Seasonal dependence of WRF model biases and sensitivity to PBL schemes over Europe

Authors

  • M. García-Díez,

    1. Instituto de Física de Cantabria, IFCA (CSIC-UC), Santander, Spain
    2. Department of Applied Mathematics and Computer Science, Universidad de Cantabria, Santander, Spain
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  • J. Fernández,

    Corresponding author
    1. Department of Applied Mathematics and Computer Science, Universidad de Cantabria, Santander, Spain
    • Departamento Matemática Aplicada y CC de la Computación, ETSI de Caminos, Canales y Puertos, Avenida los Castros s/n, Santander 39005, Spain.
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  • L. Fita,

    1. Department of Applied Mathematics and Computer Science, Universidad de Cantabria, Santander, Spain
    2. Climate Change Research Center, University of New South Wales, Sydney, Australia
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  • C. Yagüe

    1. Departamento de Geofísica y Meteorología, Universidad Complutense de Madrid, Madrid, Spain
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Abstract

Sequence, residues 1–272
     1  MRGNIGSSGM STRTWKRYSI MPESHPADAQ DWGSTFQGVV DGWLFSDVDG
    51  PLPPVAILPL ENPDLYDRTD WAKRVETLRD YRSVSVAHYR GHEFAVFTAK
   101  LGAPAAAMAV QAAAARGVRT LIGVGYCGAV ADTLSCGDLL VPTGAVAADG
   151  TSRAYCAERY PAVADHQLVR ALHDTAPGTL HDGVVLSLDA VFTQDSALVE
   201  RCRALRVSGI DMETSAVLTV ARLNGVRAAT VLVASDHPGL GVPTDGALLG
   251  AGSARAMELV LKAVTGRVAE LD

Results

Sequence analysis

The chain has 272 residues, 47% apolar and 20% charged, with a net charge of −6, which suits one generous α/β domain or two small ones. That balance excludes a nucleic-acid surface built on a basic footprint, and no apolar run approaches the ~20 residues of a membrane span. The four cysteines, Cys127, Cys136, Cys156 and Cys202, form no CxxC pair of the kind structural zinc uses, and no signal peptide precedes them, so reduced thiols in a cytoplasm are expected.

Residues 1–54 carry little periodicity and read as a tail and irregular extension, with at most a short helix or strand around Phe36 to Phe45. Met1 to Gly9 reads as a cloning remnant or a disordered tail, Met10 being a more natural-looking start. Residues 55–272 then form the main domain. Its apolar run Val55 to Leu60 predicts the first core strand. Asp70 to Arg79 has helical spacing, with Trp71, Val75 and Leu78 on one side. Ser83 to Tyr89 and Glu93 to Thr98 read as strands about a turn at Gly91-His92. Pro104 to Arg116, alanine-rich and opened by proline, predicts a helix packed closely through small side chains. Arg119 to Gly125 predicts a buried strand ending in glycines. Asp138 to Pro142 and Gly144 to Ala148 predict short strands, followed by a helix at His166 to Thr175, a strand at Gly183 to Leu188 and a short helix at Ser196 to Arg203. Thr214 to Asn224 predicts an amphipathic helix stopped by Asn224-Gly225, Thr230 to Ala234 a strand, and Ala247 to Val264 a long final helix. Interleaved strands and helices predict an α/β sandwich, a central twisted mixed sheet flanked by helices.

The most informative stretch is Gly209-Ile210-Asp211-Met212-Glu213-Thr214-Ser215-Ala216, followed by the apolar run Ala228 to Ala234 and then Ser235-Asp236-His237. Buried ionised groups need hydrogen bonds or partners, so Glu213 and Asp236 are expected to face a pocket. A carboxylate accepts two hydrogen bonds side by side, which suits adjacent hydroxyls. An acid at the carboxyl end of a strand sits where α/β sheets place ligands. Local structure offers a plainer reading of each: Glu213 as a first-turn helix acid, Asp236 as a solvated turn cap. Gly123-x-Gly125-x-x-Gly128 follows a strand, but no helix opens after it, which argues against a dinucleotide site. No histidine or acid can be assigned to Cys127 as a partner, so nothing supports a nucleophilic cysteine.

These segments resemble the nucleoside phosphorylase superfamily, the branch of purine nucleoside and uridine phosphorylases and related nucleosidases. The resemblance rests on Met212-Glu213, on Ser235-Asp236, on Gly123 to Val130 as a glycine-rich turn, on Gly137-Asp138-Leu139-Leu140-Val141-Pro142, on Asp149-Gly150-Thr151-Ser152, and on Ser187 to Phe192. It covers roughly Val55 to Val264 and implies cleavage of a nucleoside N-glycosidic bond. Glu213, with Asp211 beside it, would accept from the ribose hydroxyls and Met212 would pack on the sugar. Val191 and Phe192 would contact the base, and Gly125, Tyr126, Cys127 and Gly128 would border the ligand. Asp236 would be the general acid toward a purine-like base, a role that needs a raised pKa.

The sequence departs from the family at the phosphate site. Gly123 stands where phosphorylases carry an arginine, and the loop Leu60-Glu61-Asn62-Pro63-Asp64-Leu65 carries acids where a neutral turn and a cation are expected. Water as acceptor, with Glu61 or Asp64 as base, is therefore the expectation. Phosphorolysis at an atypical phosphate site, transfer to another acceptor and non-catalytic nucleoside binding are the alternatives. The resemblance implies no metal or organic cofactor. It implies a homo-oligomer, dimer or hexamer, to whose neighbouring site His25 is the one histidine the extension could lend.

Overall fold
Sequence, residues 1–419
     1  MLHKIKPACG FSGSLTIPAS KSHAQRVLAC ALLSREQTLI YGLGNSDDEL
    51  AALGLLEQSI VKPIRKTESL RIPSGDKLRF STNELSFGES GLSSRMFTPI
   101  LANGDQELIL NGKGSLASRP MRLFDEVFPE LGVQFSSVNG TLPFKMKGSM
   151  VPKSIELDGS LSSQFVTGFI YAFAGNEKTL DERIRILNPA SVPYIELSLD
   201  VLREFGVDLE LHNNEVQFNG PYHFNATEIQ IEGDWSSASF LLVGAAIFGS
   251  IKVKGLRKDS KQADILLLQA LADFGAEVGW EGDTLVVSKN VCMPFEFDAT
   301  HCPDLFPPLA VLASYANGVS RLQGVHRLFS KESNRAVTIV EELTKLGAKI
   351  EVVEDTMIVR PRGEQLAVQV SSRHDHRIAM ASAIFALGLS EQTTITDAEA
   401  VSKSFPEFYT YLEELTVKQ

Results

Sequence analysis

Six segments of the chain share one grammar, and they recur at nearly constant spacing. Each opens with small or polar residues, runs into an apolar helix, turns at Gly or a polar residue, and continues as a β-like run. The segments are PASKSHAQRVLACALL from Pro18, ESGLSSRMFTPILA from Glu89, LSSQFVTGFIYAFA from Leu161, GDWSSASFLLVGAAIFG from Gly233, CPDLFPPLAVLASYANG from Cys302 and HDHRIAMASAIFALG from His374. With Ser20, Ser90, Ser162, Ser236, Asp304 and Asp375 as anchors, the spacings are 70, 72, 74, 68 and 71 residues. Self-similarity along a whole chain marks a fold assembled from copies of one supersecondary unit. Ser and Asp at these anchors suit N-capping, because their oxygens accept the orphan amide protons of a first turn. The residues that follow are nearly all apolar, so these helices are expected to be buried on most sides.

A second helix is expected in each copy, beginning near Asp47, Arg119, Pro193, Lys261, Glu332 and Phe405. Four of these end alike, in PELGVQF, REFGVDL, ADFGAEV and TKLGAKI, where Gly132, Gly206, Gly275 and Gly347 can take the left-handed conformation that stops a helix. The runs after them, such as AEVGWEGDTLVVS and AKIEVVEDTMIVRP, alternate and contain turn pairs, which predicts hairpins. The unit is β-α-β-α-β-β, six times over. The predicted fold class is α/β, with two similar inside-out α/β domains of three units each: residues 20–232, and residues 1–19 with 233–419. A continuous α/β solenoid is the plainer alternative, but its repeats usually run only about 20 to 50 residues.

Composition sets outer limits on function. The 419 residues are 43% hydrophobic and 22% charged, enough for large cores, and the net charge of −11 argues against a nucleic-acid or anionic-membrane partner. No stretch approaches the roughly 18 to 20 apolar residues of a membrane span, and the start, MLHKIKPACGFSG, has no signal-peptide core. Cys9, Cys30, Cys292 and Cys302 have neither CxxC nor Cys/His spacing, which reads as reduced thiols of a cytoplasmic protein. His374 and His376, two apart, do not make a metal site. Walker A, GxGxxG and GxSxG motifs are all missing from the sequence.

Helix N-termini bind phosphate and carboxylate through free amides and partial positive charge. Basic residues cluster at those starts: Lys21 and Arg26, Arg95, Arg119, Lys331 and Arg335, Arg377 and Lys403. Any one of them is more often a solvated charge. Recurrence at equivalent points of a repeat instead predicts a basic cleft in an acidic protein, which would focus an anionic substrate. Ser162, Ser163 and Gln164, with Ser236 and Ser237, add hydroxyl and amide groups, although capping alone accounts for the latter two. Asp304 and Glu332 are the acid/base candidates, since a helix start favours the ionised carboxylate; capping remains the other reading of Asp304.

The seasonal dependence of Weather Research and Forecasting (WRF) model surface temperature biases and sensitivity to planetary boundary layer (PBL) schemes are jointly explored. For this purpose, the year 2001 was simulated using three different PBL schemes in a domain covering all Europe. The simulations were compared with gridded observations, upper-air data and high-frequency station data. Seasonal and daily cycles were analysed, aimed at providing a link between long-term biases and restricted case studies. The results show that the model mean bias significantly depends on the season, being warm in winter and cold in summer. The winter warm bias is related to misrepresented cold extremes, while a systematic cold bias dominates the whole temperature range in summer. Regarding PBL schemes, an overall underestimation of the entrainment is found, with the non-local Yonsei University scheme producing systematically warmer temperatures. It is shown that the opposite seasonal biases and systematic behaviour of the PBL schemes during the year lead to a different best-performing scheme in winter and summer. Moreover, the best-performing PBL scheme in an average sense is a result of the compensation of errors. The average summer results can be partially explained by a detailed case study. It is concluded that short-term studies should be used with caution to decide on the parametrizations to be used in long-term simulations. Copyright © 2012 Royal Meteorological Society

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